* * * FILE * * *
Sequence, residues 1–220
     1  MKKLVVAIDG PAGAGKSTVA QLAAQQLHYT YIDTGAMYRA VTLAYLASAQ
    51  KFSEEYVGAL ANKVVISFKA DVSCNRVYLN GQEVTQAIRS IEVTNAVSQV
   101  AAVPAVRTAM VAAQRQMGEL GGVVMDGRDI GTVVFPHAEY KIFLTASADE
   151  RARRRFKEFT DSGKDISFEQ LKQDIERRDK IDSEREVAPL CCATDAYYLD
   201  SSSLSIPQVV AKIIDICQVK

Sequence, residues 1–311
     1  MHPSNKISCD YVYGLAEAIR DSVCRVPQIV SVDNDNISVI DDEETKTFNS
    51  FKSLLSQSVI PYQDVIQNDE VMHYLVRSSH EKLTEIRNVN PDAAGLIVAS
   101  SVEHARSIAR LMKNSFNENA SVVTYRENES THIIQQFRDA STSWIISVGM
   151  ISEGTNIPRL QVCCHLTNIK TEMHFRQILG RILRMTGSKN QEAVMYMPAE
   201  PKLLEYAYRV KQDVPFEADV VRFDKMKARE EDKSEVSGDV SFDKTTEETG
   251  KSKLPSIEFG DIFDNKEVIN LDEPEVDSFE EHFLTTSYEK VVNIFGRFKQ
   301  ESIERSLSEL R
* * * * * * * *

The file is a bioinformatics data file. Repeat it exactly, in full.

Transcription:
Sequence, residues 1–220
     1  MKKLVVAIDG PAGAGKSTVA QLAAQQLHYT YIDTGAMYRA VTLAYLASAQ
    51  KFSEEYVGAL ANKVVISFKA DVSCNRVYLN GQEVTQAIRS IEVTNAVSQV
   101  AAVPAVRTAM VAAQRQMGEL GGVVMDGRDI GTVVFPHAEY KIFLTASADE
   151  RARRRFKEFT DSGKDISFEQ LKQDIERRDK IDSEREVAPL CCATDAYYLD
   201  SSSLSIPQVV AKIIDICQVK

Sequence, residues 1–311
     1  MHPSNKISCD YVYGLAEAIR DSVCRVPQIV SVDNDNISVI DDEETKTFNS
    51  FKSLLSQSVI PYQDVIQNDE VMHYLVRSSH EKLTEIRNVN PDAAGLIVAS
   101  SVEHARSIAR LMKNSFNENA SVVTYRENES THIIQQFRDA STSWIISVGM
   151  ISEGTNIPRL QVCCHLTNIK TEMHFRQILG RILRMTGSKN QEAVMYMPAE
   201  PKLLEYAYRV KQDVPFEADV VRFDKMKARE EDKSEVSGDV SFDKTTEETG
   251  KSKLPSIEFG DIFDNKEVIN LDEPEVDSFE EHFLTTSYEK VVNIFGRFKQ
   301  ESIERSLSEL R